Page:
The Psychology Resources tutorial is intended to help students:
Many instructors assign term papers or projects for their courses in psychology. You will need to know how to find and evaluate resources that you will use to complete these assignments. Your psychology professors will also expect you to use the editorial style of the American Psychological Association (APA Style) when you write papers or reports about research projects.
Most psychologists will begin a literature search in PsycINFO or PsycARTICLES. However, some topics will require that you search for literature in other data bases. For example, many journals that publish research on children and education are indexed by the ERIC data base and will not be found in a PsycINFO search. Similarly, if you are interested in a topic in health psychology, neuroscience, or biological or physiological psychology, you should probably conduct a search using MEDLINE, which indexes medical journals that are not indexed by PsycINFO.
If you find yourself having difficulty finding resources on a given topic, consult with one of the Reference Librarians. These individuals know the types of journals indexed by the many electronic data bases available through our library. A Reference Librarian can help you identify the most useful data bases to use in your literature searches. They can also help you construct effective search strategies. Electronic data bases are continually updated and the interfaces with users change frequently. Reference Librarians are knowledgeable about these changes to the data bases and can assist you in learning how to use the new interfaces.
The Reference Librarians provide several useful workshops every semester. These include face-to-face workshops and on-line tutorials. Click on Library Instruction(located in the right-most menu of options on the library home page) to learn about the different types of library instruction. The basic workshop will provide you with an overview of the library and the use of the electronic catalog. You can also sign up for specialized workshops that will show you how to conduct searches in the various data bases. The Reference Librarian at the Information Desk will provide individual students with help on any of these matters. Don't be shy! Reference Librarians are eager to help students use these resources.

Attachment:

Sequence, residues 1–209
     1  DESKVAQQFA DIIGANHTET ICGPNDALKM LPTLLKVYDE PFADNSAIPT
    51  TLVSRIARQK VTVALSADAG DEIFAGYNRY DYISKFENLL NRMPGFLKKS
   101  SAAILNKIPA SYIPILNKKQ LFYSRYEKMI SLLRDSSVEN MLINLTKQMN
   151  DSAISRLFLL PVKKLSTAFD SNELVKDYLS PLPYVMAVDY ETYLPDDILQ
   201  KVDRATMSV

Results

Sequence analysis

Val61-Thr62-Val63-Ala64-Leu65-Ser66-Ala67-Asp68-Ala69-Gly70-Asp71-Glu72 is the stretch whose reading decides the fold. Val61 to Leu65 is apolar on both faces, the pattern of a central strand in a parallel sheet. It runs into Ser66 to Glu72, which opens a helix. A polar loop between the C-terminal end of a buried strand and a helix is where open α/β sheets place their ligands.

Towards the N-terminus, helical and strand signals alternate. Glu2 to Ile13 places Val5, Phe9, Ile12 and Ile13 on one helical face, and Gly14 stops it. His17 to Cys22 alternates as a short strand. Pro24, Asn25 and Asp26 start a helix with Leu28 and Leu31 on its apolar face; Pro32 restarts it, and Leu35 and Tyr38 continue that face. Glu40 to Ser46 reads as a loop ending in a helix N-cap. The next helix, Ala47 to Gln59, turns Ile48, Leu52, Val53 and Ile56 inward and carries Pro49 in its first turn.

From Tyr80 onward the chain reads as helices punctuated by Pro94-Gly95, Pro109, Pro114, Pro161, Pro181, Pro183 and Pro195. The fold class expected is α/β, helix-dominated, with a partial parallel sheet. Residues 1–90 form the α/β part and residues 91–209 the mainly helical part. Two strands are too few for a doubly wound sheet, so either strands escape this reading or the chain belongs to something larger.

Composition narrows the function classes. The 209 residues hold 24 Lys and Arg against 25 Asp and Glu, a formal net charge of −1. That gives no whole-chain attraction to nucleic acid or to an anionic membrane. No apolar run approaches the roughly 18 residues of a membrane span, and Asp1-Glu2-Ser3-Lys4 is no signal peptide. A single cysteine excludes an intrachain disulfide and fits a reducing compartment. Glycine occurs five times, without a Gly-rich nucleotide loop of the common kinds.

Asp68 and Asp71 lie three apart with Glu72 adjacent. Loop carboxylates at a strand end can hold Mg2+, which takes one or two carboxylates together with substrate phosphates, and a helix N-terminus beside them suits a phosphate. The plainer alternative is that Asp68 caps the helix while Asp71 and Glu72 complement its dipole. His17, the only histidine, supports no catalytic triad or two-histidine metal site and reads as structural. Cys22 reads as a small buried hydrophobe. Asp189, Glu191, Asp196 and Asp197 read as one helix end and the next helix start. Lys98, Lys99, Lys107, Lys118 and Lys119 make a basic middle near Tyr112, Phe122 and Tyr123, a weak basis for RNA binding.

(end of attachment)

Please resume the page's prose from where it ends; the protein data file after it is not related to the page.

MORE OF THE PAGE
Many professors require that you base your research on scholarly work. If you are uncertain about the difference between scholarly articles (peer reviewed journals) versus popular press articles, you may find the tutorial on scholarly vs. popular sources helpful.
PsycARTICLES and PsycINFO are the online databases that most comprehensively cover psychology literature:
PsycINFO is a collection of references to psychological literature from the 1800s to the present. PsycINFO covers material published in 50 countries and written in more than 25 languages. Books and chapters are also included in the database, as well as technical reports and dissertations from the last several decades.
PsycARTICLES is a database containing the full text of articles from APA journals and EPF (Educational Publishing Foundation) journals, from 1985 to the present. The articles are provided in HTML and PDF format.
Here's how to perform a search:
Boolean operators are used to broaden and narrow your search.
AND Finds articles that include both terms.
For example, anxiety AND stress.
OR Finds articles that include either term.
For example, anxiety OR stress.
NOT Finds articles that contain one term but not the other.
For example, anxiety NOT stress.
The examples below illustrate the kinds of searches you can build in Quick/Basic Search or Fielded/Advanced Search using operators and fields:
Finds articles that contain the word anxiety.
anxiety AND speech
Finds articles that contain the word anxiety and the word speech.
"Blair Witch Project"
Finds articles that contain the phrase Blair Witch Project.
Always enclose phrases longer than two words in quotation marks.
Finds articles containing the words; education, educator, educate, educating.
The "*" is the truncation symbol to find multiple forms of a word.
Here are some related resources that you can use if you'd like to learn more about this particular topic.
Now it's time to test what you've learned. Click here to test your knowledge. Be sure to print out your score or e-mail it to yourself or your instructor as proof that you have completed this tutorial.